• Alfred Jarry is another interesting character, a prankster who specialized in absurdest plays, the most famous of which is Ubu Roi, with the opening line "Merde!" When he wasn't painting himself green and riding around on his bicycle extolling the virtues of absinthe, he was inventing pataphysics, a pseudoscience that makes fun of metaphysics and is defined as "the science of imaginary solutions, which symbolically attributes the properties of objects, described by their virtuality, to their lineaments." I have no idea what that means, by the way, but since it's a science dedicated to not understanding anything, that's probably the point. [Project Gutenberg (French)]
l'Autres:
  • The Marquis de Sade was admired for his open beliefs about love and sexuality. [Project Gutenberg (French)]
  • Edgar Allan Poe was called by Breton "surrealist in adventure." His stories are filled with strange happenings, signs of the unconscious, and people with neuroses. [Project Gutenberg (English)]
  • Pierre Reverdy was a contemporary of the surrealists, whom they called 'our immediate elder, the exemplary poet.' His work is characterized by a feeling of existential loneliness (of course! He's French). He also had a torrid affair with Coco Chanel. Rawr. [8 poems by Reverdy at Milk Mag (English)]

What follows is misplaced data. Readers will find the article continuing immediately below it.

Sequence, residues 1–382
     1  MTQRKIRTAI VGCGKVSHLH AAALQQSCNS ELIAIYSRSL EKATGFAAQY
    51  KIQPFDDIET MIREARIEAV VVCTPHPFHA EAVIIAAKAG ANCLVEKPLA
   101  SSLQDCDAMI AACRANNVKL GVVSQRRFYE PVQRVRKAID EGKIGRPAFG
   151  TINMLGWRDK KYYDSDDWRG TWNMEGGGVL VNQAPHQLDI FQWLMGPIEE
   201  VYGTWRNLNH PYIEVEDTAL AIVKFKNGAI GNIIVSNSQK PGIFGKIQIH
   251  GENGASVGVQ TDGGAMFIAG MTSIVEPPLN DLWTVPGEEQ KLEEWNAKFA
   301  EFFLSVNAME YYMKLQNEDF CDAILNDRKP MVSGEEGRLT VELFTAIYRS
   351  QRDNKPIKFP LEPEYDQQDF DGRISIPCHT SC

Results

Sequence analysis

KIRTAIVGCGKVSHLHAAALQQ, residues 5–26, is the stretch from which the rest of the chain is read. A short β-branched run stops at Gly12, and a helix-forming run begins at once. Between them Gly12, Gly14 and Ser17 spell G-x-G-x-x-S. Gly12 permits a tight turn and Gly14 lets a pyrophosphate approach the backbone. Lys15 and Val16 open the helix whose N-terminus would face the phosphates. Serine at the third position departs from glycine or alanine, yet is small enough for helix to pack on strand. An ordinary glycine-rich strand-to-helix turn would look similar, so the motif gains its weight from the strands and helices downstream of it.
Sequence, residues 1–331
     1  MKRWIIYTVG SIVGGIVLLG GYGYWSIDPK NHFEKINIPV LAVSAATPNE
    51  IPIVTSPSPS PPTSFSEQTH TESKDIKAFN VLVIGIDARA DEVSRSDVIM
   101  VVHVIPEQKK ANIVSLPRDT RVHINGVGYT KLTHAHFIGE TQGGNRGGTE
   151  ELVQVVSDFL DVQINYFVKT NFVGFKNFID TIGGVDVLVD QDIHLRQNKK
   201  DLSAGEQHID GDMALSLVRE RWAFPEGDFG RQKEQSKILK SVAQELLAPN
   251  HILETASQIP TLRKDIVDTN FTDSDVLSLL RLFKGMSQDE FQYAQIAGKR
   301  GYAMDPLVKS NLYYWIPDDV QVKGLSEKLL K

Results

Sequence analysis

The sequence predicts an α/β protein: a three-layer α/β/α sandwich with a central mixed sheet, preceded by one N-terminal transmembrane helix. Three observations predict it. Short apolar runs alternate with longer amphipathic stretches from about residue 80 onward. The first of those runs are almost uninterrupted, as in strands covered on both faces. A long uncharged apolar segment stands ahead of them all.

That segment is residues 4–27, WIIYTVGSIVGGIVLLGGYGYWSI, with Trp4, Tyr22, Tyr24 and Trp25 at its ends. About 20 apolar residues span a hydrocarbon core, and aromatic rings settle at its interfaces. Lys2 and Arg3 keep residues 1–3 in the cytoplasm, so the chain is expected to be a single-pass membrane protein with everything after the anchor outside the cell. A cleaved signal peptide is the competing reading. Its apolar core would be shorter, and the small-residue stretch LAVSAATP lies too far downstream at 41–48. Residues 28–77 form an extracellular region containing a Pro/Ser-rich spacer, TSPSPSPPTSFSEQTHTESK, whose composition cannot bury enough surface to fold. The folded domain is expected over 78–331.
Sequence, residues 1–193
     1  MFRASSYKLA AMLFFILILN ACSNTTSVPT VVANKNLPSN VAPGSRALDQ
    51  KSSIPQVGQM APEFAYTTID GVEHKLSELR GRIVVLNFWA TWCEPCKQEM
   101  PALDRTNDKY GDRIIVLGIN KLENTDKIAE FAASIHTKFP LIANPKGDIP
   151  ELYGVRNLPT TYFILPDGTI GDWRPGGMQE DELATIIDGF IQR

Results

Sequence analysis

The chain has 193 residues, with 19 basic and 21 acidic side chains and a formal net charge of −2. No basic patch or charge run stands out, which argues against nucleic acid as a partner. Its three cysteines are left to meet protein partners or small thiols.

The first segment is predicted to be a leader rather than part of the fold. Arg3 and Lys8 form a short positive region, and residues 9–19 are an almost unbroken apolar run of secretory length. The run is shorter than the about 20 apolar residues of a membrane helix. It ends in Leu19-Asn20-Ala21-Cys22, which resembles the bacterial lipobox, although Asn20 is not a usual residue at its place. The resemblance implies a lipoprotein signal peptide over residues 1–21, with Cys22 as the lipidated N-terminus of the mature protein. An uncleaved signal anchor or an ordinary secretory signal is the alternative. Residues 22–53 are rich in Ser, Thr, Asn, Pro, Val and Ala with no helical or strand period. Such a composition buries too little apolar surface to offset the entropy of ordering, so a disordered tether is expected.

The Philosophers:
  • Paracelsus was a German alchemist from the 16th century who was interested in how the four elements could be transformative. He is also the first known person to mention the unconscious, and is rumored to be the real-life inspiration behind the identity of Christian Rosenkreutz, a mythical alchemist. [Scans of original manuscripts]
  • Giordano Bruno was a 16th century astrologer who was also interested in hermetic studies. He was burned at the stake for defying the Catholic church, which would be enough to get the surrealists' vote alone; but he also pioneered the idea of the universe consisting of multiple worlds full of infinite possibilities--a pre-quantum physicist. [Works by Bruno at the Warburg Library]
  • Eliphas Lévi was a 19th century French magician who incorporated tarot cards into his rituals. [Project Gutenberg (French)|ebooks online (French and English)]
The Psychologists:
  • Freud--of course, Freud! The surrealists loved Freud and the concept of the unconscious, as well as Freud's theories on sexuality and oedipal complexes. Not to mention that Freud had the insight to recognize poets as the true "discoverers" of the unconscious. Surprisingly, there are a ton of Freud's writings available in the public domain. [Project Gutenberg (English)]
  • Pierre Janet was kind of the anti-Freud. Breton was inspired by him during a brief stint as a med student, but Janet himself wasn't down with the kids those days, yo. Those crazy surrealists! He's the one who coined the terms disassociation and subconscious, not Freud, and some people credit him as the true source of psychotherapy practice. [works by Pierre Janet online (French)]